Our number of Ongoing Programs have grown over the years to ensure the content is relevant to each participant. Department chairs, administrative assistants, instructional coaches, English, math, and history teachers come together across school sites to engage with content connected to their unique positions. Alternatively, an Ongoing Program can offer a much-needed affinity space for LGBTQ+ educators, leaders of color, or aspiring women leaders. Trina Moore Southall, a facilitator of our Teaching Foundations program in Los Angeles and Director of Equity and Inclusion at Brentwood School, wrote an important piece for NAIS that explains the impact of affinity spaces for students and adults. She writes, “Affinity groups for people of color can be magical places in a historically elite and exclusive independent school system. Participants of both adult and student affinity groups often find it to be a place of encouragement and a way to increase their sense of belonging in their institution.” Sometimes you have to leave your school for a time to find the strength and encouragement to stay there long term. And that is our ultimate hope–that educators will have the support they need to grow within their schools, make ever greater contributions, and remain in the field of education.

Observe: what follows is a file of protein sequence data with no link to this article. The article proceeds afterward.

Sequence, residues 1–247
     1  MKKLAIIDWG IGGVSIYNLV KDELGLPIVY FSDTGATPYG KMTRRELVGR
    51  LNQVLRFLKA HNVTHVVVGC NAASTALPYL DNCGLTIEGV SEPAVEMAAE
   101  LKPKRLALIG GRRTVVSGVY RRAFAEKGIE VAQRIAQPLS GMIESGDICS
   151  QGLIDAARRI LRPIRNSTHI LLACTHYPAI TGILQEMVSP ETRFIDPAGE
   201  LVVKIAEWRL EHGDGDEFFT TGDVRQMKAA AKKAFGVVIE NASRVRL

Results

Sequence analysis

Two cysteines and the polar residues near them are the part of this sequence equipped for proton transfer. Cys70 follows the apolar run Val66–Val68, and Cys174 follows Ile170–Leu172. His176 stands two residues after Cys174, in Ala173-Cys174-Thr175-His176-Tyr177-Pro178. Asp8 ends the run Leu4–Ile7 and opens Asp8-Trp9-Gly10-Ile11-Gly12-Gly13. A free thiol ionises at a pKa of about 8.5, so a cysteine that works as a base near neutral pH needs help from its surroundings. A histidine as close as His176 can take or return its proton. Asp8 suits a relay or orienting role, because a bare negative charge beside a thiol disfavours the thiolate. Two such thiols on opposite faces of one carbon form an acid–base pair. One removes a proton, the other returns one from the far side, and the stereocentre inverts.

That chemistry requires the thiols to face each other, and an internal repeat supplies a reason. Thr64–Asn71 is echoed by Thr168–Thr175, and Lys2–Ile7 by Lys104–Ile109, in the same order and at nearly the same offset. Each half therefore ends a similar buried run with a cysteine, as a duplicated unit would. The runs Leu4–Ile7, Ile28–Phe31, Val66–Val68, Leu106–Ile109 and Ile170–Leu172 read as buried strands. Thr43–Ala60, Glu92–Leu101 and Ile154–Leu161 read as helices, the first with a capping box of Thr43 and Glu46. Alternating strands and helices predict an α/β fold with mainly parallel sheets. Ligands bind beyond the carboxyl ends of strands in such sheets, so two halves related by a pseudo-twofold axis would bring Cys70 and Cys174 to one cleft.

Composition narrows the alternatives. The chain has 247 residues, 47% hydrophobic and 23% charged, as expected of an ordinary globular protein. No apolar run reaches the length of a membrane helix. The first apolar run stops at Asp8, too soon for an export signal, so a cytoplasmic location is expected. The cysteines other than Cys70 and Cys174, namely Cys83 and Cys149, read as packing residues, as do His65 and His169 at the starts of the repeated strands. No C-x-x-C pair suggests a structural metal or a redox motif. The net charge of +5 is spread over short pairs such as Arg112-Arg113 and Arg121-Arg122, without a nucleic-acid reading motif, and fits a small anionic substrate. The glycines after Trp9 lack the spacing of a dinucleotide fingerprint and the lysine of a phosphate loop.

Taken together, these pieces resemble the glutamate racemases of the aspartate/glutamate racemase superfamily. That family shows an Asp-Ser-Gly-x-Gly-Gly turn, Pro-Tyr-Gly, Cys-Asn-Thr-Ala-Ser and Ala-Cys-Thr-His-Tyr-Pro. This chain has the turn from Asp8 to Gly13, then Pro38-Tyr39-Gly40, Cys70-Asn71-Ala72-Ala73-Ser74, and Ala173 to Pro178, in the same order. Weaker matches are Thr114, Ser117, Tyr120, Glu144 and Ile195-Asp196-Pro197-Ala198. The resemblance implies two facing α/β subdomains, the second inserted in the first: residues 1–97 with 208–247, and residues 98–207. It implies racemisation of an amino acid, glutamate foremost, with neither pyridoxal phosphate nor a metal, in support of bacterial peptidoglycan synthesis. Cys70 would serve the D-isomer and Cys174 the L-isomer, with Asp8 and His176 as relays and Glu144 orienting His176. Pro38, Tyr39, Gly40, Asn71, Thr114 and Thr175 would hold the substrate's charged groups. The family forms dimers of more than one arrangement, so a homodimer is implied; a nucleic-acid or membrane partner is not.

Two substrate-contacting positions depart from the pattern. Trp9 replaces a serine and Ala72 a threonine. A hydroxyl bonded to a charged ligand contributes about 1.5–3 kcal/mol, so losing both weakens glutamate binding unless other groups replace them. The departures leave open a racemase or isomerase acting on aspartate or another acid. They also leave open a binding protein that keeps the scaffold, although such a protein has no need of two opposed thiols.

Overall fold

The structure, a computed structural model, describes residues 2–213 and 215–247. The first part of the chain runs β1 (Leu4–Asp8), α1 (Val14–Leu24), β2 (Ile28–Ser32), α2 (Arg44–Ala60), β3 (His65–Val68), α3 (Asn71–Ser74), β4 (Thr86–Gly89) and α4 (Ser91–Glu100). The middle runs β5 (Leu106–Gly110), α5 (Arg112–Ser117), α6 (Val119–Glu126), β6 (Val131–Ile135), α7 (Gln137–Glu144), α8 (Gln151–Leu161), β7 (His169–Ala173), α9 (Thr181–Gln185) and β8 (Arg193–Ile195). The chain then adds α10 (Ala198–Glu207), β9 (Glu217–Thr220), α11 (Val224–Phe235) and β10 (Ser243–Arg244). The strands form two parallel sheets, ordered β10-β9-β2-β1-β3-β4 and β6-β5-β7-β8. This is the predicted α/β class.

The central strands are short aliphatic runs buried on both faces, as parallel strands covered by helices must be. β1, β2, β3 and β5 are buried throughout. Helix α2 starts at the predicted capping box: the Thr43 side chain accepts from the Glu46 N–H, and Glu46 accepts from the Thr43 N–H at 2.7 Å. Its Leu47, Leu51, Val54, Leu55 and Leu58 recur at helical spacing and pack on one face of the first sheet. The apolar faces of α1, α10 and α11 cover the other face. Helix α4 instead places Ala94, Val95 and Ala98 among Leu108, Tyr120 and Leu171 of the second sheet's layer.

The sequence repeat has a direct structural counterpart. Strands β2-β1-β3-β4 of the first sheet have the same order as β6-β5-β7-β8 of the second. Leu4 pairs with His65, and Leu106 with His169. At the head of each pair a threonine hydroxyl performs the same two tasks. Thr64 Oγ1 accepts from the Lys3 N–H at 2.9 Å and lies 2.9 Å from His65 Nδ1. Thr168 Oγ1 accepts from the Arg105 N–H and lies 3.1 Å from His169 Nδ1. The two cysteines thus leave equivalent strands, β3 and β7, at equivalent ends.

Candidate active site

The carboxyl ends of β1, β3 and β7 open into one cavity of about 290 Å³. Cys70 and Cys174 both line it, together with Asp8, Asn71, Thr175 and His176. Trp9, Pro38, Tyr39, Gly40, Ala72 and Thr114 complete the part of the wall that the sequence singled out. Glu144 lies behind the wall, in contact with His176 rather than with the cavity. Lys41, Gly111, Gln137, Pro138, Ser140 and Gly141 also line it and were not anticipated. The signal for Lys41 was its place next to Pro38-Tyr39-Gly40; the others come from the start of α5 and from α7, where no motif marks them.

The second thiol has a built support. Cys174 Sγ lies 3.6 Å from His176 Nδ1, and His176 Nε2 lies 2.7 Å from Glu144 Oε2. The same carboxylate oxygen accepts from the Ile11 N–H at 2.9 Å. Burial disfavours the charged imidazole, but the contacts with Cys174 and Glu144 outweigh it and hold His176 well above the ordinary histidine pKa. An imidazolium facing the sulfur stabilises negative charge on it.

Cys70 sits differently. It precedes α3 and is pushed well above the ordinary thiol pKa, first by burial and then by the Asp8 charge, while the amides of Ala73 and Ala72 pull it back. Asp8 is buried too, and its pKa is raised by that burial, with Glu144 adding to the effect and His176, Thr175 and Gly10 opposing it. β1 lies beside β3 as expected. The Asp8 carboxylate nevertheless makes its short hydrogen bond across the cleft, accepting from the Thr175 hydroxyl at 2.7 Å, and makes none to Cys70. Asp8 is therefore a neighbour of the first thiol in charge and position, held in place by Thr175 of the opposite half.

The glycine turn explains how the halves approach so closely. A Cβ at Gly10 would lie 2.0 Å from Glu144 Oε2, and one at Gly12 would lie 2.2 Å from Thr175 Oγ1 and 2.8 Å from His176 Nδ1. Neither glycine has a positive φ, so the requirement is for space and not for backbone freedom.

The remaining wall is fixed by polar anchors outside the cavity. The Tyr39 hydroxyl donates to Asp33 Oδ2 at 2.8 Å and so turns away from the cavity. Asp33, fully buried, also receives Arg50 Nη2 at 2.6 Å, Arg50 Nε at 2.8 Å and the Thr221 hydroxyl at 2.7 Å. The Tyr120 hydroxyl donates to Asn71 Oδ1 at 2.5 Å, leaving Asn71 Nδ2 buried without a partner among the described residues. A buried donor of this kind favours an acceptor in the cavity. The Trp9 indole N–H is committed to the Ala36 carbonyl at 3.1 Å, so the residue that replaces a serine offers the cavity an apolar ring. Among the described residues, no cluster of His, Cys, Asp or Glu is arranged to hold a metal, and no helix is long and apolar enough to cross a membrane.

Big Questions Lead to New Programs